The Beginning of the End

by Craig Williams

In 1984 the Army announced their plans to incinerate the 500+ tons of chemical warfare agents contained in 101,000 weapons stored at the Blue Grass Army Depot in Richmond, Kentucky. On May 28th, a ribbon cutting ceremony was held to mark the start of operations at the neutralization facility at the Depot to finally begin disposal of these weapons of mass destruction.

In the 35 years it took to get to that point, the citizens in Central Kentucky fought an elongated battle to change the Pentagon’s approach of the open-ended combustion technology to a more contained, manageable, protective  and safer method of destroying these weapons. A true David vs Goliath tale that ended the same way as that story. The communities prevailed – but it was challenging to say the least. The good news is that operations have begun, and within a few years the weapons will be relegated to the history books. This will not only relieve the immediate community to the risks associated with storing these weapons of war, but will also bring the U.S. into compliance with the International Treaty requiring global destruction.

The Kentucky Environmental Foundation (KEF) and the grassroots groups across the country and around the world who formed the Chemical Weapons Working Group under KEF’s banner were relentless in their pursuit of methods that provided maximum protection to the workers, the communities and the environment while pursuing this noble objective. Now, we are at the final stages of our and our Nation’s effort to eliminate these weapons.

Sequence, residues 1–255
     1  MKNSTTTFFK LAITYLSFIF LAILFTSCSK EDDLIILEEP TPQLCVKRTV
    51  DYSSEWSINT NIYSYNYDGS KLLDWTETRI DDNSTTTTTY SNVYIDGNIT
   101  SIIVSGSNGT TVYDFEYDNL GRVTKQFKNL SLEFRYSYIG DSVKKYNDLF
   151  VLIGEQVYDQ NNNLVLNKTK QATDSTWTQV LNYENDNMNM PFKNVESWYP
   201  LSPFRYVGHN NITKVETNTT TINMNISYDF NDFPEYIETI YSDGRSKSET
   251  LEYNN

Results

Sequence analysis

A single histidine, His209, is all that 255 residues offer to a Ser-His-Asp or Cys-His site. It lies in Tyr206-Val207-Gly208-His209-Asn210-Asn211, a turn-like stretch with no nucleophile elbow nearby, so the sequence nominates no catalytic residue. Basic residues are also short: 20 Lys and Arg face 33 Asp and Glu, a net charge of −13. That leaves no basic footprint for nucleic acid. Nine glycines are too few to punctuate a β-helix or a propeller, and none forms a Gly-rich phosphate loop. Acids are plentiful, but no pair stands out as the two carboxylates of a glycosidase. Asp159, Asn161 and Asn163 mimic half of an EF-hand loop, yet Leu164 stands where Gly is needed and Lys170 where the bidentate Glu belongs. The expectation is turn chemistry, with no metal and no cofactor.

Energy Transitions & the First West: The Complex Histories of Appalachia’s Emerging Futures

On May 1, 2019 LiKEN’s Executive Director, Betsy Taylor was invited to speak at the National Academy of Sciences.  The forum was organized by the Academy’s Geographical Sciences Committee, to explore the “Effects of Energy Transition on Opportunities in Rural America”.  Dr. Betsy Taylor’s focus was Energy Transitions & the First West: The Complex Histories of Appalachia’s Emerging Futures.

In this thirty minute presentation she summarizes some of the legacy impacts of fossil fuel extraction in the region. At the same time, she shares the many assets of Appalachia that have the potential to improve livelihoods and provide new public revenues in a regenerative economy.  While many focus on the problems in Appalachia’s past, Dr. Taylor brings to light the potential in Appalachia’s future.


Appalachia can provide vital assets to the nation in the 21st century



  • Water scarcity (drought, contaminants, etc.) 
  • Extreme weather events, flooding
  •  Greenhouse gases accumulated from 2 centuries of carbon energy systems
  • Climate migration (non-human & human)
  • Phasing out of long supply chains
  • Decentralized, distributed energy systems



  • High rainfall region
  • Carbon sink potential
  • Propinquity to major population centers of the east coast
  • Climate refugia
  • Mega-biodiversity, buffering capacity, resilience
  • Moderate capacity for renewable energy 

Worldwide Ban on Fracking- A Summary of the Permanent People’s Tribunal Report

By Amanda Pantoja, LiKEN Research Assistant

April 16, 2019

The Permanent People’s Tribunal (PPT) is an internationally recognized court of justice that